Euro weakens vs dollar but losses seen contained

By Gertrude Chavez-Dreyfuss

NEW YORK (Reuters) – The euro slid Monday after two days of gains, pressured by a comment from a German official saying a second Greek bailout was not yet certain, although belief that Greece will be able to avert default on its massive debt should limit the currency’s losses.

Policymakers have inched toward a new bailout package for Greece that German media said could exceed 100 billion euros.

That helped push the euro to a one-month high of $1.46590 early in the session on trading platform EBS. But the euro slipped after a spokesman for the German finance ministry said a second aid program was not certain. It was last down 0.3 percent at $1.45940.

Greece received a 110-billion-euro aid package a year ago.

However, traders said the market expects to see a deal that gives Greece more time to repay its debt.

“We’re seeing a bit of a corrective pullback in the euro after gains last week and in general the euro remains sensitive to headlines on Greece,” said Vassili Serebriakov, currency strategist, at Wells Fargo in New York.

“There are a lot of moving parts and a lot of details to fine-tune on Greece’s second aid plan, but overall, I see everything working out. It is clear that the EU won’t allow Greece to fail.”

Karen Olney, UBS’s head of thematic research, echoed that sentiment. She said at a Reuters Investment Outlook Summit Monday that Greece’s plight would be eased without triggering a larger financial crisis or recession. “It’s not a Lehman moment,” she said.

Investors are also looking to Thursday’s European Central Bank meeting, at which ECB President Jean-Claude Trichet is expected to hint at a July interest rate hike.

“The focus will turn toward interest rate differentials, and with the Federal Reserve unlikely to do anything this year, an ECB rate hike will pull money toward the euro and other currencies,” said Boris Schlossberg, director of FX research at GFT Forex. “There’s no reason whatsoever to own dollars now.”

If Trichet hints at a July rate hike by talking tough on inflation, Schlossberg said the euro could retest a 2011 high around $1.4940.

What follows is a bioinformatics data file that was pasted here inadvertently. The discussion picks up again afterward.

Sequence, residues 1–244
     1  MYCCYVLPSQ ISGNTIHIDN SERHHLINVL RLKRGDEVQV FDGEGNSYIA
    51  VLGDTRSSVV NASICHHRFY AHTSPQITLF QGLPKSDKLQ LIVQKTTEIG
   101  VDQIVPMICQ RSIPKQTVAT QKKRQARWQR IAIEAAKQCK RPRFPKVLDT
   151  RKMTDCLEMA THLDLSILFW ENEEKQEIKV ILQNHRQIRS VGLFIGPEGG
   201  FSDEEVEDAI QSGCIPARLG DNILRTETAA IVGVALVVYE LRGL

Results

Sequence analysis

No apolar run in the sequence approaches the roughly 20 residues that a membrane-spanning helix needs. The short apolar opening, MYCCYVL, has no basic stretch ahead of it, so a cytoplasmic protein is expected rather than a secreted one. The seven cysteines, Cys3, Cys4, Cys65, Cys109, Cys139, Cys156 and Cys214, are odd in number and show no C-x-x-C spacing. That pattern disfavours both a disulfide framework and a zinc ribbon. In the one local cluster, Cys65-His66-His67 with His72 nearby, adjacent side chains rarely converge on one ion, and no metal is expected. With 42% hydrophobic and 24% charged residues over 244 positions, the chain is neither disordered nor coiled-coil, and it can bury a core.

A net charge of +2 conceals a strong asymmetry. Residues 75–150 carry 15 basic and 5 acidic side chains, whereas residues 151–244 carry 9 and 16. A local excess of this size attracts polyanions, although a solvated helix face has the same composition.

Trichet, speaking in Montreal, reiterated the need to prevent commodity price increases from triggering second-round effects on inflation.. His comments had little impact on the market, though they did add to the hawkish view on euro zone interest rates.

For now, options barriers were stacked around $1.47000, traders said, with resistance also seen at $1.47100 — the 76.4 percent retracement of the euro’s May decline.

Some currency portfolio managers have also shifted back toward a long euro positioning in the latest week, according to Quaesta Capital, a $3.5 billion fund of funds based in Zurich, Switzerland.

The dollar hit a one-month low beneath 80 yen before rebounding to 80.140 yen, down about 0.1 percent. Asian sovereigns were said to be dollar buyers below the 80 level.

Commodity currencies also benefited from weakness in the greenback. The Australian dollar traded at US$1.0717, near Friday’s 3-1/2-week high of US$1.0775.

The dollar index dipped as low as 73.643 — a trough not seen since May 5. A recent spate of soft U.S. data has raised concerns about the strength of the U.S. economy. A report Friday showed a sharp slowdown in job creation, pushing the unemployment rate up to 9.1 percent.

But by early afternoon, the dollar index was up 0.2 percent at 73.920.

With the Fed not likely to lift interest rates for some time, investors should continue to short the dollar, ”especially against capacity-constrained, rising-interest-rate currencies like the Indian rupee and Brazilian real ,”said Faros Trading head of research Dan Dorrow. (Additional reporting by Steven C. Johnson; Editing by Dan Grebler)